The camp started by 12pm on 28 April 2018 with Registration and Red Carpet/interview sessions with the girls and accompanying guests. The National Coordinator of AWB Nigeria, Mrs. Olayinka Fagbemiro delivered a Welcome/Introductory address afterwards. Dr. Francis Chizea who represented the Director General of NASRDA gave a remark highlighting the importance of the event. The event moved on in earnest with Career Talk, Engr. Yewande Adeyeye spoke on the ‘History of Women in Space Science & Technology.’ Tea Break & Solar Glasses session followed afterwards. The Girls were excited that they could look at the Sun without getting hurt. The Editorial Chairman of ThisDay Newspaper, Mr. Segun Adeniyi, gave the girls a moral charge with his speech centered on the subject of ‘Cheating- Exam Malpractices.’ The next agenda of the camp was a STEM Quiz which comprised of 20 objective questions spread across Astronomy, Mathematics, Science and Physics. The top 3 candidates were:

  1. Kabir Ummulkhair Hassan (Airforce Girls Comprehensive School Abuja)- 1st Position
  2. Aki Jessica (Community Secondary School Asokoro)- 2nd Position
  3. Firdaus Audu (Voyage International School), Johnson Damilola (GSS Gwagwalada), Mbu Rosaparks (Blooms Academy)- 3rd Position

After the Quiz, the girls had lunch and Pep talk while eating. The Chairperson of e-Worldwide Limited, Dr. Salma Abbasi delivered the talk. She is a Technologist, Philanthropist and Social activist with over 30 years experience working in the field of technology and business, holding a variety of senior Executive positions in Fortune 500 companies. The subject of her talk was the importance of STEM. She encouraged the girls to develop interest in STEM courses and emphasized on the importance of their involvement in Science & Technology.

Hands on Activities followed the Pep Talk. There was a variety of activities in this session. The girls were put into different group to build a prototype of a Communication Satellite, Tinkering (using DC motors and Markers), Universe in a Box, Coupling a Galileoscope, Solar system modelling and the youngest girls made Paper Satellites. The session was very engaging as the Girls learnt something interesting.

Afterwards, the girls watched a movie called ‘Hidden Figures’ which depicted Girls involvement in STEM and Astronomy. Star gazing session & Barbecue ended the activities for the day. They had the opportunity to look at Venus and the Moon as they were the brightest on our horizon.

We at AWBNigeria would like to use this opportunity to thank all our Sponsors and Contributors for making this dream a reality. We remain committed to spreading Astronomy throughout Nigeria. One People, One Sky.

Star Party (April 21, 2018)

As part of the activities of the Global Astronomy Month, AWBNigeria joined other Teams around the world to have a Star Party in the evening of April 21, 2018. The event held at the ever busy Jabi Lake Park in Jabi, Abuja.

The weather was kind to us on the day because we have been experiencing cloudy weather for most periods in this month. The moon came out for the Party as well. Venus was on our horizon. The brightest stars were Venus, Spica, Sirius, Canopus, Atria, Acrux and Rigel Kentaurus. We educated a lot of interested passer by’s about Stars, Astronomy, Our goals and activities and entertained their questions. We had a celebrity guest present at the Star Party, Rear Admiral Isaac, the former Defense Space Administrator. He was actively involved as he shared his wealth of knowledge about how to use stars for navigation.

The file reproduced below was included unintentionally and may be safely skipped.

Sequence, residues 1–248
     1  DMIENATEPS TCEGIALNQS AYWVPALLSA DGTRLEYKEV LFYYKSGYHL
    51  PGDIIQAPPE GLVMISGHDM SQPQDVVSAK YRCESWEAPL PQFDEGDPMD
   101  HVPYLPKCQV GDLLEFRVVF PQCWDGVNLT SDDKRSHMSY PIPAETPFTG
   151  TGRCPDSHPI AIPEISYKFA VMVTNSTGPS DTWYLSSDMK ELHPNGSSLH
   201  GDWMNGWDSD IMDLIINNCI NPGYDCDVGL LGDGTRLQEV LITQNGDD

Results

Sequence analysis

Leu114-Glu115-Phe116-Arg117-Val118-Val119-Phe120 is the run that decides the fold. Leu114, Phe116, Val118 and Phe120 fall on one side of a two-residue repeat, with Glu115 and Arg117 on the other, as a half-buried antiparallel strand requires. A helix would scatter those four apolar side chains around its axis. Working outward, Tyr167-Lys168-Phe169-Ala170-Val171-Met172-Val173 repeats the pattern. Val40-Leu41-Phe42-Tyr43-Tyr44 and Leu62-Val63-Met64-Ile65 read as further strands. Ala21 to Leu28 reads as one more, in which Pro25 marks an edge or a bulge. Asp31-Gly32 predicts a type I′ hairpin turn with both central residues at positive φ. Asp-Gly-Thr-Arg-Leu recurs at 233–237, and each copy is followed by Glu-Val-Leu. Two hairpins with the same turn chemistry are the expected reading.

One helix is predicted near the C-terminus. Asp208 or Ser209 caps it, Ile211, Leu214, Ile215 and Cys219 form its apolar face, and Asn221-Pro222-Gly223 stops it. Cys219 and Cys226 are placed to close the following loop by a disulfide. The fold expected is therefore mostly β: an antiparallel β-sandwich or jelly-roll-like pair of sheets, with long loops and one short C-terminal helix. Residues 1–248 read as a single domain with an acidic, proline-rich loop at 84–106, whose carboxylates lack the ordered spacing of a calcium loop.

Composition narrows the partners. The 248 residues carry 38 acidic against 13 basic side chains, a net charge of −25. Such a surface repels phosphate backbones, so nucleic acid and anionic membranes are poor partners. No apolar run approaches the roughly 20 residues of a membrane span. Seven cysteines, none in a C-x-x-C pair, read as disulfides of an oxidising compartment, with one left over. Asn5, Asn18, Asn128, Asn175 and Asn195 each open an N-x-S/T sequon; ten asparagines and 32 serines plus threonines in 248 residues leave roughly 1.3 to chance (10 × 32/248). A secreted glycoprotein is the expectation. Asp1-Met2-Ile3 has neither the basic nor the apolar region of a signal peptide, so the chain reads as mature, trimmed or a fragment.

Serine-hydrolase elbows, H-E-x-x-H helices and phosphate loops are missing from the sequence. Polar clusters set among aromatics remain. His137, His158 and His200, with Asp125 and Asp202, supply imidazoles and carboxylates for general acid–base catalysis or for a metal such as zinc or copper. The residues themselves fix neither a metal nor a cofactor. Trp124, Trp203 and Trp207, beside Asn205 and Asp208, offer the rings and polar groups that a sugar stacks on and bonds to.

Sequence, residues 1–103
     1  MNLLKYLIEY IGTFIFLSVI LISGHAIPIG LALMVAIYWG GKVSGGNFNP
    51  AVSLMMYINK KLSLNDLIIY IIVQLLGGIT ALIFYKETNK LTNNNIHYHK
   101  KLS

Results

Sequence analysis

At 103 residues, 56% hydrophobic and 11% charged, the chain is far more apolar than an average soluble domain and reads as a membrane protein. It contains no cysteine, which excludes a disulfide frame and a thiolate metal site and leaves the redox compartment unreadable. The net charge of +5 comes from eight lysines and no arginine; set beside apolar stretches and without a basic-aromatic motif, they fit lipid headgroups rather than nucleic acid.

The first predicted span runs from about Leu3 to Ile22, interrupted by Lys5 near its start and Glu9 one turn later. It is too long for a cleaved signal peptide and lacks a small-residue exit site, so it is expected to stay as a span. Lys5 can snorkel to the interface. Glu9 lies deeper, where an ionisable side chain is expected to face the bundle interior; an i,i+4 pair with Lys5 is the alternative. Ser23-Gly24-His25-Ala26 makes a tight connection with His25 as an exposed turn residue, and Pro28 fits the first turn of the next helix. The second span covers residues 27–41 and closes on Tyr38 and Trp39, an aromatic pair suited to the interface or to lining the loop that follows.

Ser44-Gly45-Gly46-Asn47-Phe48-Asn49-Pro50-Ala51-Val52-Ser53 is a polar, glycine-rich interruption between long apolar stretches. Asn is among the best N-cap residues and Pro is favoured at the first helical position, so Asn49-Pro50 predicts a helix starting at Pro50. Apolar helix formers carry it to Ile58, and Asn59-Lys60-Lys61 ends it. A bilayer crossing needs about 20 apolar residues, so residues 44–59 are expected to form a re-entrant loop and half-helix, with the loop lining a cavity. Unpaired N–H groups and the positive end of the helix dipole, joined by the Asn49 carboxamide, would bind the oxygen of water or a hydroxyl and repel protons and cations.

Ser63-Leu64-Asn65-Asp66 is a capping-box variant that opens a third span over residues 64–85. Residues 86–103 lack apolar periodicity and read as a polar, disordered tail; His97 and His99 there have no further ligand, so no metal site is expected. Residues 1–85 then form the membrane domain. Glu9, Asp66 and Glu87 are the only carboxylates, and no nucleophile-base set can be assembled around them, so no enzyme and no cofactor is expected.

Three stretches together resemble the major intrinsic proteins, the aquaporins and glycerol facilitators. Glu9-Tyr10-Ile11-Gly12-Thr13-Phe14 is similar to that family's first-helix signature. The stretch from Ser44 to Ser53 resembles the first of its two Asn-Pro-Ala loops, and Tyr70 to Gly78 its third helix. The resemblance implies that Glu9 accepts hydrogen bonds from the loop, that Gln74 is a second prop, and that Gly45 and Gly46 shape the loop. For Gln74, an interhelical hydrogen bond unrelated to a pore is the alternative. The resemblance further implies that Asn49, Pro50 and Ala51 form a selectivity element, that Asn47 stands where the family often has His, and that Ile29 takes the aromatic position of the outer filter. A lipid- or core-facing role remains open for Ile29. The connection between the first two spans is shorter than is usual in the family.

Our Vixen Telescope was the star of the day as usual. It presented us with clear visuals of the Moon, Venus and the other stars. Below is the gallery showing the activities at the Star Party.

Cloudy Yuri

Against the odds that the weather posed in the evening of April 14, we celebrated our Yuri’s night at Julius Nyerere Crescent, Asokoro. The team worked hard on their preparations and publicity prior to the event but Mother Nature had her own plans.

Regardless, we had an eventful Yuri’s night. On arrival at the venue for the event, we set up our Telescope and like a magnet it attracted many curious bystanders. They wanted to know what the Telescope could do and the purpose for the event. This created an opportunity which we used to educate them about Astronomy, Yuri Gagarin and the capability of our Telescope & Binoculars.

We had giveaway flyers that had top facts about Astronomy, Space travel and Yuri Gagarin. We also had light refreshments for our audience. The clouds made it impossible to view any stars and the moon nevertheless, curious people used it to view objects in the distance. We had a star chart in order to show people the location and names of stars. We had several people that were seeing a Telescope for the first time, Kids that were excited about Astronomy and lots of questions to answer.

It was a lovely day and another step in the right direction for AWB Nigeria. One People, One Sky.